Energy giant Equinor and Aberdeen-headquartered Faroe Petroleum have agreed to swap stakes several oil fields in Norway.
Faroe’s equity in the Njord, Hyme and Bauge developments will be exchanged for Equinor’s interests in the producing Alve, Marulk, Ringhorne East and Vilje fields, in a cashless deal.
Meanwhile, Faroe announced that drilling had started on the Cassidy exploration well in the Norwegian North Sea, operated by Spirit Energy.
London-listed Faroe, which is fending off a takeover attempt from DNO, said the swap provided its portfolio with a better balance between production and development assets.
The deal also adds 7-8,000 barrels of oil equivalent (boe) per day worth of output to Faroe in 2019.
Exploration and development wells are planned for Alve and Marulk next year.
The Njord field was in production from 1997 to 2016.
The platform and the storage vessel have been brought to shore for an extensive upgrade.
The field is planned to restart in 2020 and produce until 2040.
Hyme is a tie-back to Njord and was also shut down due to the removal of Njord A.
Bauge received PDO approval in 2017 and will be tied back to Njord via a subsea template.
The remaining reserves for the Njord and Hyme fields are estimated to be 175 million boe, while Bauge has a reserves estimate of 73m boe.
Faroe chief executive Graham Stewart said: “I am pleased to announce this significant swap transaction which is in line with our stated strategy of delivering shareholder value through active portfolio management.
“It immediately rebalances our asset mix towards production after a series of exploration successes and resultant development projects.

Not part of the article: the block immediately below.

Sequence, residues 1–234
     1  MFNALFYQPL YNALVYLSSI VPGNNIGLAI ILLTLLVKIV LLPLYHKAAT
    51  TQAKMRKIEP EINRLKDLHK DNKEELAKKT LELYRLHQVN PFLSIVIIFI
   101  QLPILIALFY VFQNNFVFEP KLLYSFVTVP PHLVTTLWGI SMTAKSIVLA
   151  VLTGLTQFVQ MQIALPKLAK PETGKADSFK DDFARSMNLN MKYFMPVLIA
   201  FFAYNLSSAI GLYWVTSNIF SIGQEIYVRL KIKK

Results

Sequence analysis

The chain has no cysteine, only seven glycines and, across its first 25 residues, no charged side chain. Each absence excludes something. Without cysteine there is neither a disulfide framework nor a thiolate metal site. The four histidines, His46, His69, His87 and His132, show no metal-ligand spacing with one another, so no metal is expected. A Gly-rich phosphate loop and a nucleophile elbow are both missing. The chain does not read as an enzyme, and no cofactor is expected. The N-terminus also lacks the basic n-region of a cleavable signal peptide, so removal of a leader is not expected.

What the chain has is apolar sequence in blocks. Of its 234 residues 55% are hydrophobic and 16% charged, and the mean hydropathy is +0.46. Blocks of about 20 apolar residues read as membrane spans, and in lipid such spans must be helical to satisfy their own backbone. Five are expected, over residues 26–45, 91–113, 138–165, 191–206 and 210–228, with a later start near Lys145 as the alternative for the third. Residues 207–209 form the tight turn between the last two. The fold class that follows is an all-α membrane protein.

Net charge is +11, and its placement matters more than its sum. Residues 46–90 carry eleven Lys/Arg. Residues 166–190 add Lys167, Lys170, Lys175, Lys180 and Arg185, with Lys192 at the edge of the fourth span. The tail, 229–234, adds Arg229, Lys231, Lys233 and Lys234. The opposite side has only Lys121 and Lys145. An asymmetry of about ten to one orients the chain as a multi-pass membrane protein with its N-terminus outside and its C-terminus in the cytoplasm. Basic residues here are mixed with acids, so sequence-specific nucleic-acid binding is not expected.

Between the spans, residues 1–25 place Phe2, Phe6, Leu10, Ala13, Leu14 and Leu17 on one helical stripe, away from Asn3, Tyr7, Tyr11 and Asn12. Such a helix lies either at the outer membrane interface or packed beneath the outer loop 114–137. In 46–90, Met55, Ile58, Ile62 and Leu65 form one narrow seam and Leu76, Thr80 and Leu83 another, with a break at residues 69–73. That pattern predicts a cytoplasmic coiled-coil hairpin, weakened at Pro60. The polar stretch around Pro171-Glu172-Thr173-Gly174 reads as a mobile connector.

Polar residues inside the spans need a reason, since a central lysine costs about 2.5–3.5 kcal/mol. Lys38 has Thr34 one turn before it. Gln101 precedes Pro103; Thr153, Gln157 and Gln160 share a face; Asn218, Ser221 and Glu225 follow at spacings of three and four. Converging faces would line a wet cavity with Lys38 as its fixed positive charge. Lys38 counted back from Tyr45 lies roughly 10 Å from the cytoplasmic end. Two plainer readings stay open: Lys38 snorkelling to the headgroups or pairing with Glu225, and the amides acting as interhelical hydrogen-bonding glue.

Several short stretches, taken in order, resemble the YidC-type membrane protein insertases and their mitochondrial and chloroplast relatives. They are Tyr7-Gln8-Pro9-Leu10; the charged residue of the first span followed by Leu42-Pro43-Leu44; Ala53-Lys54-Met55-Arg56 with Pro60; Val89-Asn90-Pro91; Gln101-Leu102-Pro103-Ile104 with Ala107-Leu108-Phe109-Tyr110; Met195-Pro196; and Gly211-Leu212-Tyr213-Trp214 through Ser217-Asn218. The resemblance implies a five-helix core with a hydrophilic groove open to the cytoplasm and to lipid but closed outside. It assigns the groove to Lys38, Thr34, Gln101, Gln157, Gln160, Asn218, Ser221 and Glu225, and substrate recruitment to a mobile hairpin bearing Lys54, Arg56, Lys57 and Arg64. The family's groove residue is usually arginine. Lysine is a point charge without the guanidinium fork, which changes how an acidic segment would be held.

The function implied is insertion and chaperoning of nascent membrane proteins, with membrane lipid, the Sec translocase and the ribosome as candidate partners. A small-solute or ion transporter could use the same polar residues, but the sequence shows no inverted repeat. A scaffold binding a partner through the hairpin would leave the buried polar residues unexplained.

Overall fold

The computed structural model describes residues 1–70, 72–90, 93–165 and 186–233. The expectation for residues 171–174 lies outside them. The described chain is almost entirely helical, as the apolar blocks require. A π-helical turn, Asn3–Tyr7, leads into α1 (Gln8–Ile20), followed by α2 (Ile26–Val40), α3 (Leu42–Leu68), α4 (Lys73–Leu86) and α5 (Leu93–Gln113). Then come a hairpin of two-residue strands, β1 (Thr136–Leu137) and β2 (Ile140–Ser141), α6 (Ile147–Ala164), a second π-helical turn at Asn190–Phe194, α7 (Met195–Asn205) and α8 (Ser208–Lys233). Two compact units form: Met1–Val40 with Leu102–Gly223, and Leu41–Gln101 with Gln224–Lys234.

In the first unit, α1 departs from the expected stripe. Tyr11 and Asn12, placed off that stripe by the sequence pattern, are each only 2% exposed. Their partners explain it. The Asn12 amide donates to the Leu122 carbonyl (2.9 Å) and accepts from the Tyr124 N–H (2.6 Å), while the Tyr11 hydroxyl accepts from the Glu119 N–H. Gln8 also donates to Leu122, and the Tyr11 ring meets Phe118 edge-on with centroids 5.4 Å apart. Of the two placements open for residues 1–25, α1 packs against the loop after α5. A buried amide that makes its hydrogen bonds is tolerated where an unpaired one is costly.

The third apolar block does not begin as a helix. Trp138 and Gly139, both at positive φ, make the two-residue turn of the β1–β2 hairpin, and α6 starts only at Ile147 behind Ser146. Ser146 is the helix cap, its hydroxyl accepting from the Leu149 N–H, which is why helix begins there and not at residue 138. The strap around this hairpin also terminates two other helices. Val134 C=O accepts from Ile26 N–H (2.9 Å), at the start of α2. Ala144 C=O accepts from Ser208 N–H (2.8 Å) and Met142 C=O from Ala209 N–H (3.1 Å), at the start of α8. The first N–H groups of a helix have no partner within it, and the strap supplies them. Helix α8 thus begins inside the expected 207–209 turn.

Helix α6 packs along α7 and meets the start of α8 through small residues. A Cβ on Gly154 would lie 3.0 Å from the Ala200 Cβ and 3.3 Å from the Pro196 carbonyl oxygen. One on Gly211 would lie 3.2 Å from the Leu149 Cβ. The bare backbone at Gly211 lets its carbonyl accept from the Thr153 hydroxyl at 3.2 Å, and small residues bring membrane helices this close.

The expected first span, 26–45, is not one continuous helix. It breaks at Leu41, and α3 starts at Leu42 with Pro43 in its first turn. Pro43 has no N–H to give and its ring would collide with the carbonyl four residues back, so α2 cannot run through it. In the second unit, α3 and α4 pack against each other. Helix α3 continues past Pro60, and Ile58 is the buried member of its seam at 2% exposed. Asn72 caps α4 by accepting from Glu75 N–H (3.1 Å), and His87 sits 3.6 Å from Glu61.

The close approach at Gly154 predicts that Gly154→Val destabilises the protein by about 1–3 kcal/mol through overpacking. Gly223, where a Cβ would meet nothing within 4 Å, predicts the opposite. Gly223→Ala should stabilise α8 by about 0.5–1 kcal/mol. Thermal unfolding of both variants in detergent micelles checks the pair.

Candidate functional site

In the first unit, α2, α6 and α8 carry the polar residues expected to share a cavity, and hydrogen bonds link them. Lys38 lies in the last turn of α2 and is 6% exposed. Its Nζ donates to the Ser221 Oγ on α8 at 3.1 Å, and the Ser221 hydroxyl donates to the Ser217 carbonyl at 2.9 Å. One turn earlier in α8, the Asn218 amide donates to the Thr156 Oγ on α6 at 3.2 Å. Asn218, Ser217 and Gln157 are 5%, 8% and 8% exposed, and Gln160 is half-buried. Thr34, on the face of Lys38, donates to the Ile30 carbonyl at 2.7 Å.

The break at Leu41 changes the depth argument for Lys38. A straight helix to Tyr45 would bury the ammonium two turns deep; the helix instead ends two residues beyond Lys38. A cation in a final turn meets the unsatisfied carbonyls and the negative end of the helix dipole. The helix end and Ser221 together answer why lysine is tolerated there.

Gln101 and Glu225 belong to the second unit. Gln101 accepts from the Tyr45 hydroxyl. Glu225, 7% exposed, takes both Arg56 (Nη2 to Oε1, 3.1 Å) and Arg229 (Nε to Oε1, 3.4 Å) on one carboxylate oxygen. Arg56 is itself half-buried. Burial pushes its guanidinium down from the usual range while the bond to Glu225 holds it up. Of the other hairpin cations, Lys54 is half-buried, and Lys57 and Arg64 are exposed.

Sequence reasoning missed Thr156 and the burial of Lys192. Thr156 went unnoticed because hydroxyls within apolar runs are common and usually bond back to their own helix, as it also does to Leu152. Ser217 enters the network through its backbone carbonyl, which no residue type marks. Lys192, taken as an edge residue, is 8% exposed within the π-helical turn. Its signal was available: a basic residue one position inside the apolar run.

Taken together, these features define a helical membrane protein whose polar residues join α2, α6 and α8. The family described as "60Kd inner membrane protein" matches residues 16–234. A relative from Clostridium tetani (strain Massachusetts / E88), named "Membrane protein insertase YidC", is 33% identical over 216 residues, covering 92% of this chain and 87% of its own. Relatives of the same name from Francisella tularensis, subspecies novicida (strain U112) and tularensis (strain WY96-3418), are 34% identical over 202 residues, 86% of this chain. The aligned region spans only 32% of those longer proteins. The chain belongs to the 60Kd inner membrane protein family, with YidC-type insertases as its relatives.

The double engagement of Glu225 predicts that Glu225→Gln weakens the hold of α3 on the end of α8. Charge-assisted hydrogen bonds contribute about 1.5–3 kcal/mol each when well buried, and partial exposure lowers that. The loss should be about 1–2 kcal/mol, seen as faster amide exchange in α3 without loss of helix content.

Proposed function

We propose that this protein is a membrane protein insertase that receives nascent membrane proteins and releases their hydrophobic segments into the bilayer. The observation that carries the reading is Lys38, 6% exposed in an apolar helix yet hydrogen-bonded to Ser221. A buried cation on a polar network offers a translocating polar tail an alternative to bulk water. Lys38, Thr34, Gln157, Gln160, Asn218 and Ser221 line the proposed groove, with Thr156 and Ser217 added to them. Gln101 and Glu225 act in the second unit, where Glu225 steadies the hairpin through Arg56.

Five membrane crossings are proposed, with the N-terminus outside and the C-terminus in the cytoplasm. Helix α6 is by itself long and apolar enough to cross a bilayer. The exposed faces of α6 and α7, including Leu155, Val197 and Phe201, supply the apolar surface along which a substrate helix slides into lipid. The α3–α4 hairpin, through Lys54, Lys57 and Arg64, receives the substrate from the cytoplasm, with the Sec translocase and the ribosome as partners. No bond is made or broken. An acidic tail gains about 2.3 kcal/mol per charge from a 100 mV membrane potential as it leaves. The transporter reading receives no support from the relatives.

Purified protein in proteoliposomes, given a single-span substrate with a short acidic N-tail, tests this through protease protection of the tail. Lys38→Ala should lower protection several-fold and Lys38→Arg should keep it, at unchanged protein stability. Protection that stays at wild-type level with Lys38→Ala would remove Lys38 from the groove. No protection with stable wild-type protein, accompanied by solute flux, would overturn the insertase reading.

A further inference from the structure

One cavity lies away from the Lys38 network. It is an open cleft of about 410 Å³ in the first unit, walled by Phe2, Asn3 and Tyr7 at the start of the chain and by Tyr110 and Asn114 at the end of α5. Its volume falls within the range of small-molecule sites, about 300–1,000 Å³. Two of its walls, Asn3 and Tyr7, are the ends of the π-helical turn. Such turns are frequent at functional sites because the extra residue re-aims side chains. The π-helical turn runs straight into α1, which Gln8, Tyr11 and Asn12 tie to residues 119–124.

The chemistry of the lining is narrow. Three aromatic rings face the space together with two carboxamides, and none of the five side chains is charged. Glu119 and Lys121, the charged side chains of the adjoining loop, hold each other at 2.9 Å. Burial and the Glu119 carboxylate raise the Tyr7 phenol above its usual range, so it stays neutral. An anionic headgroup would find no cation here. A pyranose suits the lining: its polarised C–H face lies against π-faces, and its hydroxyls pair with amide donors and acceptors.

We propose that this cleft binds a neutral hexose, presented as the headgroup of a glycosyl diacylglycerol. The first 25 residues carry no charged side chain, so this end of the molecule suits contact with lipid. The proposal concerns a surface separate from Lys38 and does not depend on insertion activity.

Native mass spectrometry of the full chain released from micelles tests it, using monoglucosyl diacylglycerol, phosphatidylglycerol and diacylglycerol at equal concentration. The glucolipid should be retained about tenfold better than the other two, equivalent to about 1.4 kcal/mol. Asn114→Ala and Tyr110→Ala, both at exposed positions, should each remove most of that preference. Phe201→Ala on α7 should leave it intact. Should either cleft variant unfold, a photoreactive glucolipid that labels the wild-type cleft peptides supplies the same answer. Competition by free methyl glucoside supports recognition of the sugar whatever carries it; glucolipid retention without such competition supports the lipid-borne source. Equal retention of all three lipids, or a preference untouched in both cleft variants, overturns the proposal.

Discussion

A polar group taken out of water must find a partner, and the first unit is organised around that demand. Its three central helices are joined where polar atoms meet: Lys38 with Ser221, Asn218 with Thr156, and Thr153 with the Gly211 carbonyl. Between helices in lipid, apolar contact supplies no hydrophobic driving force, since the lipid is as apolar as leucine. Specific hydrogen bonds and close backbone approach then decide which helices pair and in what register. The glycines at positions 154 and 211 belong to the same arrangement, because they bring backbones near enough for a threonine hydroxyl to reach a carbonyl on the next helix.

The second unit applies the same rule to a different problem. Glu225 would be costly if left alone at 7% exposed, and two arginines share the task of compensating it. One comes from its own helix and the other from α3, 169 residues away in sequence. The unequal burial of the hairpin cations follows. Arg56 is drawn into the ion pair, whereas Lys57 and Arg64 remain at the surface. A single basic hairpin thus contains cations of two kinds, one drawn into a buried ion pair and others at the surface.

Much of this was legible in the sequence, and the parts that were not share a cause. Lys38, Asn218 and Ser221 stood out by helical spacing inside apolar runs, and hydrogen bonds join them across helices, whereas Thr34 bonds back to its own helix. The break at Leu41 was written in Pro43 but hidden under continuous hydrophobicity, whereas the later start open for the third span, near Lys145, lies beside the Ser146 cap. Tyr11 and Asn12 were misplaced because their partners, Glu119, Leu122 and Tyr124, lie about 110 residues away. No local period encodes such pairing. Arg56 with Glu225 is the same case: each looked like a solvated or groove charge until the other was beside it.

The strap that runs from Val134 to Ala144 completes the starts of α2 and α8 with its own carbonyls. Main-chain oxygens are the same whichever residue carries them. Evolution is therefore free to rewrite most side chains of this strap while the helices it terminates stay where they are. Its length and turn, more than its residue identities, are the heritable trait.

“The transaction will accelerate delivery of our fully-funded production target, while strengthening further our financial position in advance of reaching investment decisions on our new Iris/Hades and Agar discoveries.
“We are now confident in our ability to deliver in excess of 50,000 boe per day in the medium term.”
“The increased cash flow, reduction in capital expenditure and reduction in unit operating cost resulting from the transaction will further strengthen our already robust balance sheet.
“This will enable us to give careful consideration to a potential return of capital to our shareholders, as an additional element in our capital deployment mix.”
Siri Espedal Kindem, Equinor’s senior vice president for operations North, said: “The net effect of our agreement with Faroe is to upgrade Equinor’s portfolio in line with our updated roadmap for the NCS.
“We are strengthening our operated position in the prolific Njord area, which we believe continues to have considerable upside potential.
“We remain operator and majority equity holder in Alve which is produced via Norne, another important part of the Norwegian Sea for us.
“And we are reducing our exposure to non-core and partner-operated assets.”
Analysts at Cantor Fitzgerald said: “For Faroe, the deal should prove to be accretive to our valuation, having little impact on the company’s medium term production target of 35,000 boe per day, but adding significant near-term production/cashflow, operational/tax synergies and reducing both opex and capex exposure.”